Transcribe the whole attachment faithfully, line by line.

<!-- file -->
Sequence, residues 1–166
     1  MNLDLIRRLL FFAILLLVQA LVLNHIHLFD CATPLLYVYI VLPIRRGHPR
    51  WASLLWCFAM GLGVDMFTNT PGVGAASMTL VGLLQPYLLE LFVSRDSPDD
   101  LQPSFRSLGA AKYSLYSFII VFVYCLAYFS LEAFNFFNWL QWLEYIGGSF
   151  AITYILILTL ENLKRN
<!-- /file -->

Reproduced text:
Sequence, residues 1–166
     1  MNLDLIRRLL FFAILLLVQA LVLNHIHLFD CATPLLYVYI VLPIRRGHPR
    51  WASLLWCFAM GLGVDMFTNT PGVGAASMTL VGLLQPYLLE LFVSRDSPDD
   101  LQPSFRSLGA AKYSLYSFII VFVYCLAYFS LEAFNFFNWL QWLEYIGGSF
   151  AITYILILTL ENLKRN